I lined it up again and gave it the best hit I could, but not aiming at the shed. It ended up about 30 m away. Electrical connector broke off, but after I pressed it back on the sensor still worked fine.

I'm a little amazed. I take my hat off to the people who design and produce these sensors. Close to indestructible. This gives me a lot of confidence that when we put it in an aluminium housing it will be a pretty solid unit.

What it looked like afterwards
Gas Auto part Cable Wood Electrical wiring


Video of the entire testing process. Electrical and in-transmission testing at the start and stress testing at the end.
 

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Excellent progress... great info! I'm glad you did the oven test... and found that it wasn't going to hold up as well as the specs say. Better to see that before it's in a car!

FYI, not that this is necessarily a solution for you, but when we wanted to "quench" some of the stray magnetic fields (back in my semiconductor engineering days) we would put a u-shaped iron on the magnet, so that the field had a "path" to follow. Basically, if you put a metal cap on the disc-shaped magnet in your picture, it might help direct the stray field and keep it from going too wide.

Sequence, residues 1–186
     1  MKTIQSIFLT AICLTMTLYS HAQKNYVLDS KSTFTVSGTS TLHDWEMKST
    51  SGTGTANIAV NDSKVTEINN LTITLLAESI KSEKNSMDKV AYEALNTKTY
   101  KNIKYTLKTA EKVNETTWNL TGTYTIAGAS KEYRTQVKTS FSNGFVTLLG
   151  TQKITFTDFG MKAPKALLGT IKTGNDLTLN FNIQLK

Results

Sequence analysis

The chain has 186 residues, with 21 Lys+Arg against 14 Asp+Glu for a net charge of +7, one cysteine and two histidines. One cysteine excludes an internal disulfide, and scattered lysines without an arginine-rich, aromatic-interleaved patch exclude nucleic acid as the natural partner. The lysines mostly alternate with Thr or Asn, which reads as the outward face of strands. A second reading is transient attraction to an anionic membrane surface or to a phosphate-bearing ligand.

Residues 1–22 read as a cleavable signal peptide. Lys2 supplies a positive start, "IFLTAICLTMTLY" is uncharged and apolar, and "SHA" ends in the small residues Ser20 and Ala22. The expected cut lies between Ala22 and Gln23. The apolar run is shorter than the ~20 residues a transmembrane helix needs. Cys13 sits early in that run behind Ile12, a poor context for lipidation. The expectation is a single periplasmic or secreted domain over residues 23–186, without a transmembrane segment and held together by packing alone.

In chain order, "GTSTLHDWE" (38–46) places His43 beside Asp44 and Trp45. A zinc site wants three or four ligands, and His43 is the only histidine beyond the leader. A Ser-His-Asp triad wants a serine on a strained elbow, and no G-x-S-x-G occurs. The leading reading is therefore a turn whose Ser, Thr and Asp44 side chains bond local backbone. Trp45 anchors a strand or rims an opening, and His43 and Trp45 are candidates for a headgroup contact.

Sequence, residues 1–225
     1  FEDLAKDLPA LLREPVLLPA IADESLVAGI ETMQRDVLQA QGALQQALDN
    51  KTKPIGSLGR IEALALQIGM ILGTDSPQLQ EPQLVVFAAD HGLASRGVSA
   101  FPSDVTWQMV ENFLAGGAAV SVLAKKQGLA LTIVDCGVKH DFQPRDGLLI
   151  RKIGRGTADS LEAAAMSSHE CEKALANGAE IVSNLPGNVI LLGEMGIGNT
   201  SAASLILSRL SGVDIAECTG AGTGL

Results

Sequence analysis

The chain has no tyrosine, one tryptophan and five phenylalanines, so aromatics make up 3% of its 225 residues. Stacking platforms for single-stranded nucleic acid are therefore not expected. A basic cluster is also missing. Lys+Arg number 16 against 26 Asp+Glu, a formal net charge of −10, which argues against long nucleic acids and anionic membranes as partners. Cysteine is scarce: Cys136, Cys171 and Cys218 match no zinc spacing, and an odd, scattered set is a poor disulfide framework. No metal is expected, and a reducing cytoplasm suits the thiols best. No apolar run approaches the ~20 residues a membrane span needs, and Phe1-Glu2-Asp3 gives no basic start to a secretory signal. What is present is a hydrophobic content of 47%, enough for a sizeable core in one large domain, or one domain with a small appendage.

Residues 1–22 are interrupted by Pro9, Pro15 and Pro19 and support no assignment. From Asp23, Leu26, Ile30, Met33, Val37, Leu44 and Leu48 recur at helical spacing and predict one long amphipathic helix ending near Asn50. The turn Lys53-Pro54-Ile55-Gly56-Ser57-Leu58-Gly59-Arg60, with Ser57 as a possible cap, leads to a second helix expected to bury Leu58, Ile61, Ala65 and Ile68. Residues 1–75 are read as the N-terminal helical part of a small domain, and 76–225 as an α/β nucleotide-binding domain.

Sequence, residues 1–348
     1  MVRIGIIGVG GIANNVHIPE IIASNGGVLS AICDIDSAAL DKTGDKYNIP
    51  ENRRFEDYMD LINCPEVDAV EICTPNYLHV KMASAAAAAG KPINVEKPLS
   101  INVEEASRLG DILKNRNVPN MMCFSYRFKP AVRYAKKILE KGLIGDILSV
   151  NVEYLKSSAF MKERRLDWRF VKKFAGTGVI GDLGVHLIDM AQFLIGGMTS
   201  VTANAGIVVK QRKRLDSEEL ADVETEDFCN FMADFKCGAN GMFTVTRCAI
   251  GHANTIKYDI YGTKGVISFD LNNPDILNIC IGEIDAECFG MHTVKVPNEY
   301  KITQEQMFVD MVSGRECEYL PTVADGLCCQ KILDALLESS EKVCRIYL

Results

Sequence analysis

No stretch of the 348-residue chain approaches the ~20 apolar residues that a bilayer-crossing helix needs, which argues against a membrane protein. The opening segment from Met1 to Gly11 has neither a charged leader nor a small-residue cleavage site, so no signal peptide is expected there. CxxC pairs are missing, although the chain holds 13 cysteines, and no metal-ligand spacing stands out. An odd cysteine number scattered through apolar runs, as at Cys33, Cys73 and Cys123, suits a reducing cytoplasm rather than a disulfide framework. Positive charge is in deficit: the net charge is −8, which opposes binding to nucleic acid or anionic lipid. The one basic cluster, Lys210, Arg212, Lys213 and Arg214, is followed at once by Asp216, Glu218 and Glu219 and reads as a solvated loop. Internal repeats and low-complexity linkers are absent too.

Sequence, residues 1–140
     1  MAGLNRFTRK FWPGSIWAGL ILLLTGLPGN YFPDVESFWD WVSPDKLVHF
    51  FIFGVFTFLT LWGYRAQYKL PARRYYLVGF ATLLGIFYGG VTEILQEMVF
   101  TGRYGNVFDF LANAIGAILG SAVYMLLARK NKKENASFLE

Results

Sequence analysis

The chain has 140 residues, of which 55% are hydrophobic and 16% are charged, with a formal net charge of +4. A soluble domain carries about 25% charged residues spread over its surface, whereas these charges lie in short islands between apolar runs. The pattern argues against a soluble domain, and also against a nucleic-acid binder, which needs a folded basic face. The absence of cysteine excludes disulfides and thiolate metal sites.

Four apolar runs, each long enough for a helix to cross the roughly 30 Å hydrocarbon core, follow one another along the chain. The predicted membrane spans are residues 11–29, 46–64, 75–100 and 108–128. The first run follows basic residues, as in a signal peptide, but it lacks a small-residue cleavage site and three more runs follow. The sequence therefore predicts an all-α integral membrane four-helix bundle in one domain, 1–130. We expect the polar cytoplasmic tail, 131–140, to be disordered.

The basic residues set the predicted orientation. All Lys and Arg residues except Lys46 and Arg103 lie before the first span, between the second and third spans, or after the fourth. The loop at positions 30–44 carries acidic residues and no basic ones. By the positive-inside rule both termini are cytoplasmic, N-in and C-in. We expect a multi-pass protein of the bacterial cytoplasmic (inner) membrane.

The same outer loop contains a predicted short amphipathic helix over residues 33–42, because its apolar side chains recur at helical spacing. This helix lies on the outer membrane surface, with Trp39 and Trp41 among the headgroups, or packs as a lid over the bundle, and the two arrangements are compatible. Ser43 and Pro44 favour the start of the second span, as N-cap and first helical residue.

I think the angled sensor is the best idea for now, or moving them a little further away if you can. Or maybe specifying a "weaker" hall sensor component.

In any case, you're all on the right track for sure! Just wanted to give a few other ideas/options.

EDIT: Here's a picture of what using metal to "short circuit" the field looks like:

The article may be related, but I thought the picture was perfect to show what I was trying to put into words.
Nice article, thank you. As jjrichar mentioned I ordered some very high permeability magnetic shielding material made from cobalt alloy to do exactly what that picture shows. Fortunately the sensor angle changes seem to have largely mitigated the concern, but we'll add the material if needed.

In all honesty we don't even know if it's a real concern as crosstalk was small and it didn't seem affect gear engagement, but we may as well fix it why we are updating things.